Preventing Osteoporosis: 9 Questions and Answers
1. How can I prevent osteoporosis before it starts?
Experts consider osteoporosis a largely preventable disease. Prevention should start early. Getting enough calcium and vitamin D as a child and teenager can dramatically cut your risks of developing osteoporosis later in life. Even if you're an adult, eating a healthy diet, getting enough calcium and vitamin D, exercising, and avoiding unhealthy lifestyle habits such as smoking and excessive drinking, may help prevent osteoporosis. After menopause, women who have osteopenia, or thinning of the bones, and who have a high probability for a future fracture from osteoporosis can consider drug therapies to prevent bone loss and reduce their risk of osteoporosis. To learn about osteoporosis prevention techniques, talk to your health care provider.
2. Am I getting enough calcium -- and how much is too much?
The amount of calcium you need depends on your age. The Institute of Medicine recommends the following:
- Adolescents should get 1,300 milligrams of calcium a day.
- Adults from 19 to 50 years of age should get 1,000 milligrams of calcium a day.
- Adult women over the age of 50 should get 1,200 milligrams of calcium a day.
- Adult men should receive 1,000 milligrams up to age 70 and 1,200 milligrams after age 70.
Read food labels and select foods that contain 10% or more of the Daily Value for calcium. When food shopping, look for terms such as "high in calcium," "fortified with calcium," "calcium-rich," or "excellent source of calcium."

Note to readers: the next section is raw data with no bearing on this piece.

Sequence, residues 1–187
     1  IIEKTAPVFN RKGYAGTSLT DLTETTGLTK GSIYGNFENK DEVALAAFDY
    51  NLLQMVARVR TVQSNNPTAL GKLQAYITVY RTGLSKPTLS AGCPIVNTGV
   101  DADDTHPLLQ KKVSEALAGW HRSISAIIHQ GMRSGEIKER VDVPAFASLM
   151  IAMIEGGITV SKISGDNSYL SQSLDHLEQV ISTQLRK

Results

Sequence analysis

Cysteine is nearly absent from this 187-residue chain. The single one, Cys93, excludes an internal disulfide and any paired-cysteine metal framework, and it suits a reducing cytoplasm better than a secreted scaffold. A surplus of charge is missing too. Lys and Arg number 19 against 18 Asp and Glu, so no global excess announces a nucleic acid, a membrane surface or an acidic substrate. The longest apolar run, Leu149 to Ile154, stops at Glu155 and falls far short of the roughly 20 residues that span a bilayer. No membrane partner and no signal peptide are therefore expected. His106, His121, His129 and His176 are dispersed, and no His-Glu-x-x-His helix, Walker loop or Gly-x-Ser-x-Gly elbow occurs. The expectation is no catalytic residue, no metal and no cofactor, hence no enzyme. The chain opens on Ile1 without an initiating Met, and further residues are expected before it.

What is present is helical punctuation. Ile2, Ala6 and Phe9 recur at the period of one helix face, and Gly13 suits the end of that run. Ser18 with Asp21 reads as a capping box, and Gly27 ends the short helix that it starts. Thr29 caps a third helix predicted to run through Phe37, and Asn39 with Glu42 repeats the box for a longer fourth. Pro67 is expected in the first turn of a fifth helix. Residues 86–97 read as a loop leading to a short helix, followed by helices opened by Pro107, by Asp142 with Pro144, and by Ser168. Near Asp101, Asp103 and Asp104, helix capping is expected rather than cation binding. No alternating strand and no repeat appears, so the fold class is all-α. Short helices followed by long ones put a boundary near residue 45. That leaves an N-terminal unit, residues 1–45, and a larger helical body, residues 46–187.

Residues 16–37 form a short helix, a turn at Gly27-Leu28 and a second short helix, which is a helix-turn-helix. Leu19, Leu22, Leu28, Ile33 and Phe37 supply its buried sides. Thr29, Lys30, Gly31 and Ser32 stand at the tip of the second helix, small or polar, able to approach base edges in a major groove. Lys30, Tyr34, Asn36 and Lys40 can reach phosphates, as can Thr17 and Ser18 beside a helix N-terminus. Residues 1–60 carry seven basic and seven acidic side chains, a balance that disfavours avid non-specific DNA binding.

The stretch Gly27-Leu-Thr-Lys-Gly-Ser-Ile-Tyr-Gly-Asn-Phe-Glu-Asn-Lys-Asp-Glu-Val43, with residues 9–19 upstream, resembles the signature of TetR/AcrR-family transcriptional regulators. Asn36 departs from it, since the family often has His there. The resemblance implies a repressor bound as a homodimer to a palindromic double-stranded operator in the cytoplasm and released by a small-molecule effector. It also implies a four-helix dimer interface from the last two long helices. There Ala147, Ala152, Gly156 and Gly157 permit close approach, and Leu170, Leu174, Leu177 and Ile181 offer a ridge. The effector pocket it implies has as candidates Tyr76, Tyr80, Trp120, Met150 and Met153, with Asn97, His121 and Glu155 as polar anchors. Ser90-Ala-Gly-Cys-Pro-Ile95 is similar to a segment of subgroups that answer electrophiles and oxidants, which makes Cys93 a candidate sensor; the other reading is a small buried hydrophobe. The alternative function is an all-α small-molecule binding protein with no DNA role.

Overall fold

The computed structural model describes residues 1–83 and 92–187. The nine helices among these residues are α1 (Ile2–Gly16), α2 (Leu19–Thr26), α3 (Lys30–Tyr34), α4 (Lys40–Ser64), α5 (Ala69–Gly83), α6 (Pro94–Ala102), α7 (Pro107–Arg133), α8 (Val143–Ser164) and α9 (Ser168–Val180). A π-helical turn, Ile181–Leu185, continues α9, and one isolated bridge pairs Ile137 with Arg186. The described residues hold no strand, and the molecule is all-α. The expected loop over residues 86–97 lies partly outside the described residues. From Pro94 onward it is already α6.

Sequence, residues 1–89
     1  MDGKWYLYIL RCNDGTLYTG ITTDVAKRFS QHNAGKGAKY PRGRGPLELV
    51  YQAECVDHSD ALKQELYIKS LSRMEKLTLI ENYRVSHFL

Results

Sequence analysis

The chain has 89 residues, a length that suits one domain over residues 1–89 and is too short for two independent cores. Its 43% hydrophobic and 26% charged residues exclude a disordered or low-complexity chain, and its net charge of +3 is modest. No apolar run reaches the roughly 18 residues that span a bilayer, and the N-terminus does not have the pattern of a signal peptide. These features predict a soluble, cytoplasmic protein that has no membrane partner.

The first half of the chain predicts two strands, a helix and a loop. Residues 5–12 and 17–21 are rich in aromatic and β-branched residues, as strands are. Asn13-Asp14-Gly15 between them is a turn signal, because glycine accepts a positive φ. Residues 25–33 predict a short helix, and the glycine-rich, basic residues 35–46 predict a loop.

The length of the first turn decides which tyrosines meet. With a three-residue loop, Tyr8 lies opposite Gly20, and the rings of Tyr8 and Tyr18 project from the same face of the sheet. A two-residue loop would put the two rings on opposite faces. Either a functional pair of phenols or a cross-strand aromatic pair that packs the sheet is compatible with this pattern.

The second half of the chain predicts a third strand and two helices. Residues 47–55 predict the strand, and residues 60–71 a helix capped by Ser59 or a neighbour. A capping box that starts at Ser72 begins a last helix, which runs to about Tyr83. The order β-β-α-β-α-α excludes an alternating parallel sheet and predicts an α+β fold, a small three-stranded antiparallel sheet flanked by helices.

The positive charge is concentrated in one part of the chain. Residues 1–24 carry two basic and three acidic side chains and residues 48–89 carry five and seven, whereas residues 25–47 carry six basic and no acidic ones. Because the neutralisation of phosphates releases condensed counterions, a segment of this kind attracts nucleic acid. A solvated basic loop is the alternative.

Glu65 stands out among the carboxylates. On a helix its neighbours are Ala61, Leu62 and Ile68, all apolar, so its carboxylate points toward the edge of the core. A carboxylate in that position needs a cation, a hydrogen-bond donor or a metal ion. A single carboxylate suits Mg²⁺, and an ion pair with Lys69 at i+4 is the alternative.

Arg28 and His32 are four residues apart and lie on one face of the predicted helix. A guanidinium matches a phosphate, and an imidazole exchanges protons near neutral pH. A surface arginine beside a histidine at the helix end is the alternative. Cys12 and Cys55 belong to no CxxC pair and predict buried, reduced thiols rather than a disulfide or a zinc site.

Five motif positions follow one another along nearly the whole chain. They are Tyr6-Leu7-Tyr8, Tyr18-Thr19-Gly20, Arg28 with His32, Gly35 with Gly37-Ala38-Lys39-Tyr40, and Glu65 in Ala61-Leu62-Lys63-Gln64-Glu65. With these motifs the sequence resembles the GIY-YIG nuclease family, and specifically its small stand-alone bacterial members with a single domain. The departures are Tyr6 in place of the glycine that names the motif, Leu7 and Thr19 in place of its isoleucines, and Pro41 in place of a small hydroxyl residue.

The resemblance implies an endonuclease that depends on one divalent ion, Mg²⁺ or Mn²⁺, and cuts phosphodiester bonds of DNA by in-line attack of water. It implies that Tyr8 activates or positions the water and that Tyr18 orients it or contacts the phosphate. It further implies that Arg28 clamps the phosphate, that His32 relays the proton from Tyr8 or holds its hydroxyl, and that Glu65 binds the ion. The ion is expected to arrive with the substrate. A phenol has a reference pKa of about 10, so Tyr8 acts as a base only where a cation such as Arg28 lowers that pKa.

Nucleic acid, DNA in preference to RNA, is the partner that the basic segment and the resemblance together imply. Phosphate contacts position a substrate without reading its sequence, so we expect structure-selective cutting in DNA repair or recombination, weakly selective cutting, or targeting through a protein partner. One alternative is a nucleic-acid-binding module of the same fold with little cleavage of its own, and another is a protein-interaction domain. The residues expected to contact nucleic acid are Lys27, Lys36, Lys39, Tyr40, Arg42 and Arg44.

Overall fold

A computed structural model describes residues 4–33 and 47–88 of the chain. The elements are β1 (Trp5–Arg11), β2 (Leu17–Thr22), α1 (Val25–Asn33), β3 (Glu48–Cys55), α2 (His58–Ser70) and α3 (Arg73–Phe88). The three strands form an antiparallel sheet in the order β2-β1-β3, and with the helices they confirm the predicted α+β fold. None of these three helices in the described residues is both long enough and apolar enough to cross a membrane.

If you think you're coming up short, talk to your health care provider about ways you can boost your calcium levels in your diet. Talk to your doctor about what is best for you.
3. Is calcium from dairy products better than from other sources?
Dairy products have high levels of calcium per serving, which is why they're often recommended for bone health. But calcium from other sources -- like spinach, bok choy, and mustard greens, beans, tofu, almonds, fish, and many fortified cereals and juices -- can be just as beneficial. However, it may be difficult to get adequate calcium from food if you don’t eat dairy. And osteoporosis experts do say the best source of calcium is from foods, not supplements. Food contains other important nutrients that help the body use calcium.
4. Does osteoporosis affect children -- and should I give them calcium supplements?
Osteoporosis in children is rare. It's usually the result of a chronic health condition such as asthma or cystic fibrosis that is treated with long-term steroids. Anticonvulsant drugs used to manage epilepsy, or used to manage mania in bipolar disorder, and other conditions may also interfere with calcium and vitamin D metabolism, leading to weak bones. Treatment usually depends on controlling the underlying disease or changing the medication. Sometimes, children will develop osteoporosis with no clear cause. It's called idiopathic juvenile osteoporosis, but the good news is that it usually goes away on its own within two to four years.
Of course, calcium and vitamin D are the most important nutrients for strong bones and are important for all children whether they have osteoporosis or not. Even if children are healthy now, low levels of calcium and vitamin D can greatly increase their risk of osteoporosis later in life. So keep track of how much calcium your children get from food and ensure they get adequate amounts of vitamin D. If you are worried they aren't getting enough calcium and vitamin D, talk to their health care provider. Don't give them supplements unless they are recommended by your child's health care provider.